What it means is that feel free to do as Peter James did and gloss over the detail, but never – never – plunge your reader into a procedure or describe an activity unless it’s spot on. You’ll be found out and your book flung to the TBP – To Be Pulped – pile.

The message is: Don’t guess. There are plenty of people you can ask. I do all the time if I’m not sure. Some, like me, provide a professional service moulding the procedure to authentically fit your story. Others will just answer the odd question like:
Which is higher, inspector or superintendent?

It’s superintendent, by the way.

If your detective switches on or fiddles with the suspect’s computer or phone they are compromising all the evidence. Real cops leave it alone & call in the experts.

– Graham Bartlett

Bartlett’s bloopers

Here are some of the classic faux pas people make when they think they know. I call them my #bartlettsbloopers – the literary equivalent of fingernails down the blackboard:

  • Police officers cannot, by law, be made redundant. If you want to get rid of a cop, say they have been sacked for gross misconduct, resigned, retired, posted departments or transferred forces. Never laid off.
  • If your detective switches on or fiddles with the suspect’s computer or phone they are compromising all the evidence. Real cops leave it alone & call in the experts.
  • In England, Scotland and Wales your murder detectives would never be armed. I know plenty in real life – I was one myself once – and trust me, they are the last people you want carrying guns!

So, if you want to avoid those Holby moments, keep your loyal readers or just have professional pride, then research, filter, then write.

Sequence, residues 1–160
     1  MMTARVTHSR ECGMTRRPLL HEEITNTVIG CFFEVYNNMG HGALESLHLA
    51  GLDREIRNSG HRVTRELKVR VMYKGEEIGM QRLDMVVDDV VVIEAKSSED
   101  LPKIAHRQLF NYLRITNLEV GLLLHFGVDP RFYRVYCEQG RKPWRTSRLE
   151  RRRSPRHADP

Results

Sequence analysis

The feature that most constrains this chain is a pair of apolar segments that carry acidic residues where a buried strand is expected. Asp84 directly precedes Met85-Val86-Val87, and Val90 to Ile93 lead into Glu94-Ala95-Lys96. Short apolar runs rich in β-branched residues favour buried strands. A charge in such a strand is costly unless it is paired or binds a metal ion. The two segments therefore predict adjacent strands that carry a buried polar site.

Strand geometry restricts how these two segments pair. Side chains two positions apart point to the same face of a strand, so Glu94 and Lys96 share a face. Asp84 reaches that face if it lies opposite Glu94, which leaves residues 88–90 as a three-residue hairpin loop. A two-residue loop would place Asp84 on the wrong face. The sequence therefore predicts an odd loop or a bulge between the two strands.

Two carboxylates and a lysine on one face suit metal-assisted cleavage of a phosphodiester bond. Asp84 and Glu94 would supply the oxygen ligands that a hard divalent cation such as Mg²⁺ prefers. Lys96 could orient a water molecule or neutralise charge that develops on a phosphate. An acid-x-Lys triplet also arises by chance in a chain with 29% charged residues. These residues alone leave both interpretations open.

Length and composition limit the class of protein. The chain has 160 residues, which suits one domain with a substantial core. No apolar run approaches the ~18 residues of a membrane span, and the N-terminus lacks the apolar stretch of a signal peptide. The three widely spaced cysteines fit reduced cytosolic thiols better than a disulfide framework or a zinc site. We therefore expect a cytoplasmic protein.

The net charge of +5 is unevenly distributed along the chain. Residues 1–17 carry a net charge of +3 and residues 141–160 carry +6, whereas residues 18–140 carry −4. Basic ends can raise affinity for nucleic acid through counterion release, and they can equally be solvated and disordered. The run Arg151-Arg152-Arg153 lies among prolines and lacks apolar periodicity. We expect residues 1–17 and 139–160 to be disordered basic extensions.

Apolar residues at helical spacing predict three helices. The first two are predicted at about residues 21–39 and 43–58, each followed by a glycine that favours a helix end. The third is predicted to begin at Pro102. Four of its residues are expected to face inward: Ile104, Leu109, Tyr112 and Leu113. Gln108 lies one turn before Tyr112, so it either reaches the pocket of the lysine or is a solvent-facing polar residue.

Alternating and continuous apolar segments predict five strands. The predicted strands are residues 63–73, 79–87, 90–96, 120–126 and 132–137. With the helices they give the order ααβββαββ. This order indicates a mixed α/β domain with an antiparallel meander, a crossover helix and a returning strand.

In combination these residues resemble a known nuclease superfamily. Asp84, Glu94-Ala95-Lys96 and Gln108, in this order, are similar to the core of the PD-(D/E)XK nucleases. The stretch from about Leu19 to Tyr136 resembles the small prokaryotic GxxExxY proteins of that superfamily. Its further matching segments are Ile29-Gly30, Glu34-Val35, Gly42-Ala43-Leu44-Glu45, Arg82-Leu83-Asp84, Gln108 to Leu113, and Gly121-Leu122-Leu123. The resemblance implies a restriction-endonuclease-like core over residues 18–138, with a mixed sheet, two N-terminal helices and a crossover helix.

I’ll be running some courses with the Professional Writing Academy very soon which will help and guide you in all things crime fiction, but equally I’m happy to help you on a one to one basis. Just contact me through www.policeadvisor.co.uk and sign up to my newsletter while you’re there.

Happy sleuthing.

Graham Bartlett

Author and Police Advisor

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Meet your Course Director

Graham Bartlett

Graham Bartlett

Graham Bartlett was a UK police officer in Sussex for thirty years.

He mainly policed the city of Brighton and Hove, rising to become its police commander. On the way he was a homicide senior investigating officer and led on managing dangerous offenders, sexual offences, domestic violence, child protection and hate crime. He was a qualified strategic firearms and public order commander, leading the policing of many armed operations, large scale protests and sporting events.

Since retiring, he has become a police procedural and crime advisor helping scores of authors and TV writers (including Peter James, Anthony Horowitz, Mark Billingham, Elly Griffiths and Dorothy Koomson) achieve authenticity alongside their drama. He has worked on numerous TV dramas and receives wide praise for his approach to blending his guidance with story and character needs.

He is also a best-selling crime writer, with two non-fiction books – Death Comes Knocking and Babes in the Wood – to his name and his novel Bad for Good (June 2022) introduces the much anticipated Chief Superintendent Jo Howe series.

More about Graham Bartlett

Crime Writing: Forensics

Harvest the evidence from your fictional crime scenes.